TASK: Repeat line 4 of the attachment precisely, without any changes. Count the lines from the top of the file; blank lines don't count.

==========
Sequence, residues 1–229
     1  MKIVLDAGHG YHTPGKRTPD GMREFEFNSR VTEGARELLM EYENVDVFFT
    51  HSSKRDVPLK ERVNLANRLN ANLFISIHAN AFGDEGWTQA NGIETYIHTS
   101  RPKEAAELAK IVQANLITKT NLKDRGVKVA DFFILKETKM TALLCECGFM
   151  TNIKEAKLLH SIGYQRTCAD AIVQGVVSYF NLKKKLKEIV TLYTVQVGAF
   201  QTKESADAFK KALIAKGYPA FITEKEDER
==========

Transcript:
   101  RPKEAAELAK IVQANLITKT NLKDRGVKVA DFFILKETKM TALLCECGFM